Dr. Mark Gardener


Providing training for:

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  • R The statistical programming language
  • Data management
  • Data mining

Tips and Tricks - for R and Excel

On these pages you can find tips, tricks and hints for using both R and Excel. At the end of each tip there are links forwards and backwards as appropriate. There is also an index of R tips and an index of Excel tips.

For most analytical purposes the combination of Excel and R is unbeatable! Excel is great as a data management tool and for preparing data for analysis. You can also use it to get an overview of your data or to make simple (and not so simple) graphs. R is an analytical "swiss army knife" and can carry out a mind-boggling array of analytical routines as well as producing great graphics.

Tips & Tricks for R | Tips & Tricks for Excel | An Introduction to R | MonogRaphs | Writer's Bloc

Use save() to save one or more objects to disk.

Use save.image() to save all objects to disk.


Save all objects to disk as separate files

You can easily save one or more objects to disk using save() or save.image(). However, if you want to save many items, each as a separate file, you have to use a loop and a paste() command...

It is easy to save the objects you have stored in the R Console. You can save individual items with save().

save(..., list = character(), file = "filename")

You can either type the names of the items to save, separated by commas, or provide a list. The list can be any object or command that produces names of objects.

If you want to save all items you have then you can use:

save(list = ls(), file = "filename")

A convenience function save.image() does the same thing. You just specify the filename to hold the data. If you omit the filename R saves to a defult file: this is what is opened when R starts up and what happens when you say "yes" when asked if you want to save the workspace.

Use a for() loop and the paste() command to save objects to disk as separate items.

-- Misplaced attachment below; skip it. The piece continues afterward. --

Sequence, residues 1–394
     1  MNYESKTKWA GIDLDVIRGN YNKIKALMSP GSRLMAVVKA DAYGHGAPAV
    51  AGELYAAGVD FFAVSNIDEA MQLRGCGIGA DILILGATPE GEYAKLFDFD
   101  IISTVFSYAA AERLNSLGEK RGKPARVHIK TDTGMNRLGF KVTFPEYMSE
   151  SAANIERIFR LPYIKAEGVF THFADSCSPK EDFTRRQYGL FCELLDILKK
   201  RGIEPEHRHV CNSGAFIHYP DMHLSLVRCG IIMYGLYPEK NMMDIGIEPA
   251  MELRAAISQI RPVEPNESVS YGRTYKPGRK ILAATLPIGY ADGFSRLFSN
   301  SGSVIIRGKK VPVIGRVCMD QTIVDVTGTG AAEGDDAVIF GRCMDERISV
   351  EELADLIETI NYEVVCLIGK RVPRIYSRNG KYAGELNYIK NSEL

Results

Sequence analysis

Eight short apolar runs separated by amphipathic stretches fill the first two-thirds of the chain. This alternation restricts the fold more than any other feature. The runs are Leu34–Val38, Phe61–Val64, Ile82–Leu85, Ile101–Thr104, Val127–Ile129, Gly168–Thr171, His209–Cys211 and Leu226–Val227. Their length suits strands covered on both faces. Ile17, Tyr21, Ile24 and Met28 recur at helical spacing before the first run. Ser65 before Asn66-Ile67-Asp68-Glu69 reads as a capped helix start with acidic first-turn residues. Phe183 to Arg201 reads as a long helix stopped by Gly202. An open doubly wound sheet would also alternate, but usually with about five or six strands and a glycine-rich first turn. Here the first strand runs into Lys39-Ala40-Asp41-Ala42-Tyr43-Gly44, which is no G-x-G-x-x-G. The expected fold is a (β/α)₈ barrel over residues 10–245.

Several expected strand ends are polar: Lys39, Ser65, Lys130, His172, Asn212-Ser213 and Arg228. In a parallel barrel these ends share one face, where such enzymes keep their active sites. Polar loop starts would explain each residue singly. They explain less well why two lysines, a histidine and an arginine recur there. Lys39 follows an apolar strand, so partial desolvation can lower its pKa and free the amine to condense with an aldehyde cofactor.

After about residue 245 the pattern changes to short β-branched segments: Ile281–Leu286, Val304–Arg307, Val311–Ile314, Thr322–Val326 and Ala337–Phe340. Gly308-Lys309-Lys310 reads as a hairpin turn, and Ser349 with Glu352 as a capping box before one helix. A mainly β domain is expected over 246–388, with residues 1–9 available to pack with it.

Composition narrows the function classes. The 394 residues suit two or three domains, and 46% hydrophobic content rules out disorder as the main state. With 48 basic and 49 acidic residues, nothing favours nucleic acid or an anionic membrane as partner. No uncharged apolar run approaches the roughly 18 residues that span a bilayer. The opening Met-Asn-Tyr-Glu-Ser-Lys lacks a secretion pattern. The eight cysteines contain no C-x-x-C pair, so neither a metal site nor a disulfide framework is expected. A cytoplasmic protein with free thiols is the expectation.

Both save() and save.image() will create a single file when you run them. In most cases this is helpful but there are times when you want to save objects as separate files. One such occasion might be when you are making an R package. You will need to save data items as separate .RData files and functions as .R files.

You can use a simple loop and the paste() function to save all objects to a folder as separate files.

obj = ls()

for(i in 1:length(obj))
save(list = (obj[i]),
file = paste(obj[i],".RData", sep = ""))
rm(i, obj)

You start by listing everything and saving the result to a named object (obj in this case).

The loop runs for as many times as there are items in the listing; length(obj). Each time the loop goes around it takes the name of an item; list = obj[i] and saves it to a file.

The filename is built using the paste() command. This joins things together, with the sep = instruction telling R what character to use (if any) between items. In the example I used the name of the item; obj[i] and added .RData to the name. Note that ".RData" is in quotes. The sep = "" part tells R to use no character in the joining.

The result is that every item obtained by ls() is saved to disk as a separate .RData file. The files will go to your working directory unless you alter it, either using the setwd() command or by prepending a pathname to the paste() command.

Use a custom function to separate functions and variables (data) as an alternative to ls().


Separate listing for functions and variables

If you have both data and functions in your workspace you'll need to split them. I found these custom functions on the [R] Help forum via a web search:

ls.funs <- function(env=sys.frame(-1)) unlist(lapply(ls(env=env),
                    function(x) if(is.function(get(x)))x))

ls.vars <- function(env=sys.frame(-1)) unlist(lapply(ls(env=env),
                    function(x) if(!is.function(get(x)))x))
# To use type:

You can use these new functions instead of ls() and make a new object containing the names. Simply use ".RData" for varaibles (data) and ".R" for functions to get the correct file extensions.

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An introduction to R

See my Publications about Excel, R, statistics and data analysis Courses in R, data analysis, data management and statistics Visit the R Project website

See my Publications about statistics and data analysis.

MonogRaphs: random topics in R

Writer's Bloc – my latest writing project includes R scripts

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